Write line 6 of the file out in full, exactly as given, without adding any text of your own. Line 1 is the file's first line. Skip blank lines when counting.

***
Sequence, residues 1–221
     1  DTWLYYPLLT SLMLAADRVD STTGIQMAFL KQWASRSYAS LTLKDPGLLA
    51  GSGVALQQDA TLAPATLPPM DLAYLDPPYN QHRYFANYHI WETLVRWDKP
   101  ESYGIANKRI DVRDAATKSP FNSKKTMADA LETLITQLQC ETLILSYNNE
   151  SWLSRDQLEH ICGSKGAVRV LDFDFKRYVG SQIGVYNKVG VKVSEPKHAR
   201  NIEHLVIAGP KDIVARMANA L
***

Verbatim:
   201  NIEHLVIAGP KDIVARMANA L